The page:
A total of 240 people were now infected, the southern African country's top health civil servant Adelaide de Carvalho told a forum over the weekend
Health experts say the outbreak has been exacerbated by a breakdown in sanitation services and rubbish collection in Luanda and other cities, leading to an increase in the mosquitoes that carry the disease.
A total of 240 people were now infected, the southern African country's top health civil servant Adelaide de Carvalho told a forum over the weekend. More than 450,000 people had been vaccinated in the capital, out of a target of nearly 1.6 million, she added.
City authorities have slashed their budget for rubbish collection to cope with a budget crisis, leaving piles of waste building up in poorer suburbs including Viana, where the first case of yellow fever was reported in late December.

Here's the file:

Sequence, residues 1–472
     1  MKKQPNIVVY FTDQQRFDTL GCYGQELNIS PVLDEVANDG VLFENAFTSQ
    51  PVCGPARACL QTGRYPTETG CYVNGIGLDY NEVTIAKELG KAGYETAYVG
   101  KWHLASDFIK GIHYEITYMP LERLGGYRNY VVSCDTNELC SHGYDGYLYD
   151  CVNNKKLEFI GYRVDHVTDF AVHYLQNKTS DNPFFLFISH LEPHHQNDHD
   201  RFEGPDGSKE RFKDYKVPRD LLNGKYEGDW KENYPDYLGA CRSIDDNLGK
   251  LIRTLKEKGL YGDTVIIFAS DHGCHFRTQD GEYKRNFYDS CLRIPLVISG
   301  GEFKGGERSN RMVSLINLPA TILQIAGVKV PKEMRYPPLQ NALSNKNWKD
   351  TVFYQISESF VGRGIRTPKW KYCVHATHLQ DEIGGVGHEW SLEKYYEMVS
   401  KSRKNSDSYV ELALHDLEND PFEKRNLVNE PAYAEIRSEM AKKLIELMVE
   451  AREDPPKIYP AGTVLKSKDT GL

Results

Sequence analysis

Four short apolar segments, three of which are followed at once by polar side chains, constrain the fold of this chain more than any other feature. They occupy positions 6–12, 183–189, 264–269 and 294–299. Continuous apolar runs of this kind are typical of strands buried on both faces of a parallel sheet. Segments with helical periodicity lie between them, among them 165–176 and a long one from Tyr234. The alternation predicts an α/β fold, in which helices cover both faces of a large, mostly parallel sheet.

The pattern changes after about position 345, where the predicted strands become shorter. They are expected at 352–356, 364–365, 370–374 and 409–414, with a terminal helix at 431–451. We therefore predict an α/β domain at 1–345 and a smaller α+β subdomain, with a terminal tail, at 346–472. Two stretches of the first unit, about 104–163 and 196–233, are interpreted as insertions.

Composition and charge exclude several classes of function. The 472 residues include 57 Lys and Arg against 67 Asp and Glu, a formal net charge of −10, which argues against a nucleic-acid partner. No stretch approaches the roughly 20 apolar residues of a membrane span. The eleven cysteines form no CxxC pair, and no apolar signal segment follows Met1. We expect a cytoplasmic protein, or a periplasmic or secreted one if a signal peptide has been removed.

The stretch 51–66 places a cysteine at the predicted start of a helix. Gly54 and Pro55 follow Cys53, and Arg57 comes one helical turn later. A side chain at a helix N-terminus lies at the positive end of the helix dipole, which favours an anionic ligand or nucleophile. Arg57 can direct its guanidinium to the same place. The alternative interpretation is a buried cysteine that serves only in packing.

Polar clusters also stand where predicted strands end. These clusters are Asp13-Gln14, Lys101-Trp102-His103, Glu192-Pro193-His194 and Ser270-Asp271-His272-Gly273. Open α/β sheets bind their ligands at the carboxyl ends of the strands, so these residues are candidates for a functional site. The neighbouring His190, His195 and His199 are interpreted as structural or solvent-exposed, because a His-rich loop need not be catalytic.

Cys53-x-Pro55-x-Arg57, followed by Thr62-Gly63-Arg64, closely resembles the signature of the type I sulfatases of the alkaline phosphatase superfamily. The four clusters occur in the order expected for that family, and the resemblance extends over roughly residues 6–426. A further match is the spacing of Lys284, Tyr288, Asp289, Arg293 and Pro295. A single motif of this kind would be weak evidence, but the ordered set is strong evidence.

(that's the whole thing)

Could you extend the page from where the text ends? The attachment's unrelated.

There has also been an increase in malaria, cholera and chronic diarrhoea, health officials say.
Many sanitation contractors say they have not been paid, or are struggling to import equipment because of foreign exchange shortages.
Angola relies on crude exports for around 95 percent of its foreign exchange earnings and a 70 percent decline in oil prices since mid-2014 has hobbled Africa's third largest economy, sending the kwanza currency plummeting.
Yellow fever symptoms include severe headache, nausea, vomiting and fatigue, according to the Centre for Disease Control and Prevention.